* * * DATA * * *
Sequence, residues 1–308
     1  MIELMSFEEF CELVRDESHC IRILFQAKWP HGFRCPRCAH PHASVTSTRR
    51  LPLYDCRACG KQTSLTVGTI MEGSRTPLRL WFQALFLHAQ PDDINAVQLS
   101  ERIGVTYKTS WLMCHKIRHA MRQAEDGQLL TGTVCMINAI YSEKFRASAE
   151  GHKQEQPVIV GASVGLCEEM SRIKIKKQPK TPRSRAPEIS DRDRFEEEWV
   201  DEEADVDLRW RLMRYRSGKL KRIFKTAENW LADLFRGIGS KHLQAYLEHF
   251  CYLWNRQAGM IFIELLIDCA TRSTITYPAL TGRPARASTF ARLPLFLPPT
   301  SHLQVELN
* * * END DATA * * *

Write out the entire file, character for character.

Sequence, residues 1–308
     1  MIELMSFEEF CELVRDESHC IRILFQAKWP HGFRCPRCAH PHASVTSTRR
    51  LPLYDCRACG KQTSLTVGTI MEGSRTPLRL WFQALFLHAQ PDDINAVQLS
   101  ERIGVTYKTS WLMCHKIRHA MRQAEDGQLL TGTVCMINAI YSEKFRASAE
   151  GHKQEQPVIV GASVGLCEEM SRIKIKKQPK TPRSRAPEIS DRDRFEEEWV
   201  DEEADVDLRW RLMRYRSGKL KRIFKTAENW LADLFRGIGS KHLQAYLEHF
   251  CYLWNRQAGM IFIELLIDCA TRSTITYPAL TGRPARASTF ARLPLFLPPT
   301  SHLQVELN